Most visits to Morocco are trouble-free, but there is a high threat from terrorism in Morocco.
Violent crime, though not a major problem in Morocco, is growing. There are occasional incidents involving theft at knifepoint in the major cities and along beaches.
Morocco has a poor road safety record. Accidents are frequent, especially on busy major routes. The main road from Agadir to Marrakesh via Imi'n Tanoute and Chichaoua has been reported as particularly hazardous.
This advice is based on information provided by the Foreign and Commonwealth Office in the UK. It is correct at time of publishing. As the situation can change rapidly, visitors are advised to contact the following organizations for the latest travel advice:
Moroccan Dirham (MAD) = 100 centimes. Notes are in denominations of MAD200, 100, 50, 20 and 10. Coins are in denominations of MAD10, 5 and 1, and 50, 20, 10 and 5 centimes.
The import and export of local currency is prohibited; all local currency must be reconverted prior to departure. The import and export of foreign currency is unlimited but must be declared if in excess of the equivalent of MAD15,000. Upon production of bank vouchers, half the Moroccan currency purchased during a visitor's stay may be re-exchanged for foreign currency (subject to some limitations) and all of it if the stay is less than 48 hours.
Mon-Thur 0815-1215 and 1415-1715; Fri 0815-1115 and 1430-1730; Sat 0900-1300.
Moroccan Dirhams can only be obtained in Morocco. National currencies should be exchanged at official bureaux de change only (identified by a golden sign); changing money in the street is illegal. There is no commission charge and visitors will be issued with a receipt which they must keep in order to exchange Moroccan currency back into the original national currency upon departure. Money can be withdrawn in banks with a credit card and a cheque book or directly from an ATM in some larger towns.
Some credit cards are accepted. Check with your credit or debit card company for details of merchant acceptability and other services which may be available.
To avoid additional exchange rate charges, travelers are advised to take traveller's cheques in Pounds Sterling or US Dollars.
|City/Region||City/Area code||Followed by|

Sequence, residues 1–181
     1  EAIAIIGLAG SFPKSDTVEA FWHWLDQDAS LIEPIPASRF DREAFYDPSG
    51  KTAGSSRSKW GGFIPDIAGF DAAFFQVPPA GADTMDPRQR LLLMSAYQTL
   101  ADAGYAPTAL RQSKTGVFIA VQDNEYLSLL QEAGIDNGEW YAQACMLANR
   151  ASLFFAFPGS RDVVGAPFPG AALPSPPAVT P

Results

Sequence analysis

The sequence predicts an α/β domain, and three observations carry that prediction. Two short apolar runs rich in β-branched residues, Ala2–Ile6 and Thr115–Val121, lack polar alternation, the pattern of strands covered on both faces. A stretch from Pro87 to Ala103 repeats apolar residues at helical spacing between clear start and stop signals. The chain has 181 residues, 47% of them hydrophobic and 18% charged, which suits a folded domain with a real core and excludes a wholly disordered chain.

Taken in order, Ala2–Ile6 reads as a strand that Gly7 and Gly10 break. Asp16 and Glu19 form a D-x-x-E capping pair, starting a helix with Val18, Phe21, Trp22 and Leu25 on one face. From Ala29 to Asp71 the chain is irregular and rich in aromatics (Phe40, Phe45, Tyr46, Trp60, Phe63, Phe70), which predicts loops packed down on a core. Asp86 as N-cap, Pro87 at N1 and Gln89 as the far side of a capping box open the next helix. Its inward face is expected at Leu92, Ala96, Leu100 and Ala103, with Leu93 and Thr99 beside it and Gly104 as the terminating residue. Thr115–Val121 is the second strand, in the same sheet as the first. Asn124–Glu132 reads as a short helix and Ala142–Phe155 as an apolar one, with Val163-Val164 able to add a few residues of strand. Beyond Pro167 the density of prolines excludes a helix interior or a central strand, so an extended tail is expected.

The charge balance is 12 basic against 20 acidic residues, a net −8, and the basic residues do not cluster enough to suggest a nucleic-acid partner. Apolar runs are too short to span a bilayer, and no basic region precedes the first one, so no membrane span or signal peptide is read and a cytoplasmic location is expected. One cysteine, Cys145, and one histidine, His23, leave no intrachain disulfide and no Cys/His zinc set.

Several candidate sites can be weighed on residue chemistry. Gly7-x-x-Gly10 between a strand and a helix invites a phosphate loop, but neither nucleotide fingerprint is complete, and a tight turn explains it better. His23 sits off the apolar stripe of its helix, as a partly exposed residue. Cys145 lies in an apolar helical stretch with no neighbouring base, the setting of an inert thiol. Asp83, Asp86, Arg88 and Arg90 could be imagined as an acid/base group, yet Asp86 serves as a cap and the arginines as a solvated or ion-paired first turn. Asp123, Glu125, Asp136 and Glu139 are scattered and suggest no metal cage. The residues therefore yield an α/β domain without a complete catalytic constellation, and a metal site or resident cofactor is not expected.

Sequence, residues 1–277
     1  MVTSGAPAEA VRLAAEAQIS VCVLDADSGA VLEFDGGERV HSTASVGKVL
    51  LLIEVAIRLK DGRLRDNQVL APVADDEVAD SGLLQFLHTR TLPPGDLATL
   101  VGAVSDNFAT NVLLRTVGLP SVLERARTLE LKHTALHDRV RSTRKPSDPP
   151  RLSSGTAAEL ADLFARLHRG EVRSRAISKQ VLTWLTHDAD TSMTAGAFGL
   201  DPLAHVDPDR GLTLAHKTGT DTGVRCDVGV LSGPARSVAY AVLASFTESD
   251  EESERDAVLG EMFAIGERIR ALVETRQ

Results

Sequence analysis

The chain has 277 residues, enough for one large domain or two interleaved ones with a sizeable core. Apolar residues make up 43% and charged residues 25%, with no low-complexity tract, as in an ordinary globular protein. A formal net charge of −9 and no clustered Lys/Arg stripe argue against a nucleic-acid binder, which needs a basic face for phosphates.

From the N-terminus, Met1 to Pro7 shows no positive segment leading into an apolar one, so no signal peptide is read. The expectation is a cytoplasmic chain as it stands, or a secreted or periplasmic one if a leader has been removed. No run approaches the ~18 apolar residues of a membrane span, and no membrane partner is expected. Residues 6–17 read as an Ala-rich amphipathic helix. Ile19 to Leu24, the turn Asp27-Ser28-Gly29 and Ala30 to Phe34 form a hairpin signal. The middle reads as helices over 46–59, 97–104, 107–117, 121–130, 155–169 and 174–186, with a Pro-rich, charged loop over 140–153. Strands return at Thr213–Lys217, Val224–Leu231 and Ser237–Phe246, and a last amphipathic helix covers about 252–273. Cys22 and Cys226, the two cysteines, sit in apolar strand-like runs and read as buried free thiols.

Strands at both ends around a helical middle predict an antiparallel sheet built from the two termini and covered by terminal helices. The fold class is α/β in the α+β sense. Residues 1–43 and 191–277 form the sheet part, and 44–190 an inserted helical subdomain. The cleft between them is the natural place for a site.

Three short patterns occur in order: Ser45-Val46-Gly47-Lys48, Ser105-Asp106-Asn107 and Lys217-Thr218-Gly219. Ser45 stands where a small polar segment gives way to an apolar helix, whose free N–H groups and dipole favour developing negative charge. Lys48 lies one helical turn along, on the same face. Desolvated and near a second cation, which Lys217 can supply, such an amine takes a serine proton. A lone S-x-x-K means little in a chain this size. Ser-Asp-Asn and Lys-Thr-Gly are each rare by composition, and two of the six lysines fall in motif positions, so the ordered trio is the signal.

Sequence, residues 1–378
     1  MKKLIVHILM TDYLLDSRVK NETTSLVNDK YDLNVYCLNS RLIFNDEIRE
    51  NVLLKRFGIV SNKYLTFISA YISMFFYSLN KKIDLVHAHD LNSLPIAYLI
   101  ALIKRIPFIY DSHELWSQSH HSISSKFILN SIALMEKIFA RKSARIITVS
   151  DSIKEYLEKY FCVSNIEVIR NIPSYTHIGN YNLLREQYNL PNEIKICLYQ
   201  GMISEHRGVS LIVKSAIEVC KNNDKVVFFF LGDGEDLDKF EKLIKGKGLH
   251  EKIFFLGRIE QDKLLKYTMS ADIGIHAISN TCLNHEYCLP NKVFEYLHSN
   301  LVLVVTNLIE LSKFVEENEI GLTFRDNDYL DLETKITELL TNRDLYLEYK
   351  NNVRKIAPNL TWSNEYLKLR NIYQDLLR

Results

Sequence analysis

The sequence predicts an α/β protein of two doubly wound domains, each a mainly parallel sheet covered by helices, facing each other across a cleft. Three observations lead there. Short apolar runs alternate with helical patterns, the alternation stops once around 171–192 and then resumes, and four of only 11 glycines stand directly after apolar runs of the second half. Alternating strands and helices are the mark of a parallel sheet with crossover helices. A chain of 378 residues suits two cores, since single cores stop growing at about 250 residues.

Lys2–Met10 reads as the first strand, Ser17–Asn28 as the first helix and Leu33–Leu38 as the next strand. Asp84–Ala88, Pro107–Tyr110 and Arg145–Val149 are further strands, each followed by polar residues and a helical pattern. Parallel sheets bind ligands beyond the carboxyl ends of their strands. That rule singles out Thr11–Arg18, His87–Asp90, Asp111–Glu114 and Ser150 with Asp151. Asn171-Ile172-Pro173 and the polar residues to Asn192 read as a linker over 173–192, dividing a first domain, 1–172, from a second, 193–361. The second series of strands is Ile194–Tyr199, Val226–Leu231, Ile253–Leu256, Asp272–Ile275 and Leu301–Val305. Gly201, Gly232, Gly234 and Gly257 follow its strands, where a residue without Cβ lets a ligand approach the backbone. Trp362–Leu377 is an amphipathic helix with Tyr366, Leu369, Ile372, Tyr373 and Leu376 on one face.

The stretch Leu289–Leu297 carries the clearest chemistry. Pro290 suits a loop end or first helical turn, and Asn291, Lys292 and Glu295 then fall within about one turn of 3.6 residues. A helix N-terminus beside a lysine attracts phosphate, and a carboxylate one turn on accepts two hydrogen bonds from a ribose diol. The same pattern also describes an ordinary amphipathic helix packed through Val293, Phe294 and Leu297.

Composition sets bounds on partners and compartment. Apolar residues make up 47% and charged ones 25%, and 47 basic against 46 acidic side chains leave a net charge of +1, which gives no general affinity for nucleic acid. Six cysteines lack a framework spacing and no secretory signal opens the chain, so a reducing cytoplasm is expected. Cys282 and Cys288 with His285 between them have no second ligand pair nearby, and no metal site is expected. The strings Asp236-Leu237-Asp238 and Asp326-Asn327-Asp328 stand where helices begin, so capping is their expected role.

|Casablanca||(0)2||+ 7 digits|
|Rabat||(0)3||+ 7 digits|
Reasonable dental care can be found in the larger towns and cities
Some international medication is available from the larger pharmacies and hospitals in the larger towns and cities.
Blood supplies are considered safe and screened to international standards
Adequate medical care in Morocco is available, particularly in Rabat and Casablanca, although not all facilities meet high quality standards, and specialized care or treatment may not be available. Medical facilities are adequate for non-emergency matters, particularly in the urban areas, but the medical staff will probably not be able to communicate in English. Travelers planning to drive in the mountains and other remote areas may wish to carry a medical kit and a Moroccan phone card for emergencies. In the event of car accidents involving injuries, immediate ambulance service usually is not available.
Recent medical and dental exams should ensure that the traveler is in good health. Carry appropriate health and accident insurance documents and copies of any important medical records. Bring an adequate supply of all prescription and other medications as well as any necessary personal hygiene items, including a spare pair of eyeglasses or contact lenses if necessary. Drink only bottled beverages (including water) or beverages made with boiled water. Do not use ice cubes or eat raw seafood, rare meat or dairy products. Eat well-cooked foods while they are still hot and fruits that can be peeled without contamination. Avoid roadside stands and street vendors. Swim only in well-maintained, chlorinated pools or ocean water known to be free from pollution; avoid freshwater lakes, streams and rivers. Wear clothing which reduces exposed skin and apply repellents containing DEET to remaining areas. Sleep in well-screened accommodations. Carry anti-diarrheal medication. Reduce problems related to sun exposure by using sunglasses, wide-brimmed hats, sunscreen lotions and lip protection.
AIDS occurs. Blood supply may not be adequately screened and/or single-use, disposable needles and syringes may be unavailable. When possible, travelers should defer medical treatment until reaching a facility where safety can be assured. The climate is difficult for sinus, asthma, and arthritis sufferers. Cement walls, stone floors, inadequate heating facilities and sudden temperature changes increase risks of colds and respiratory infections.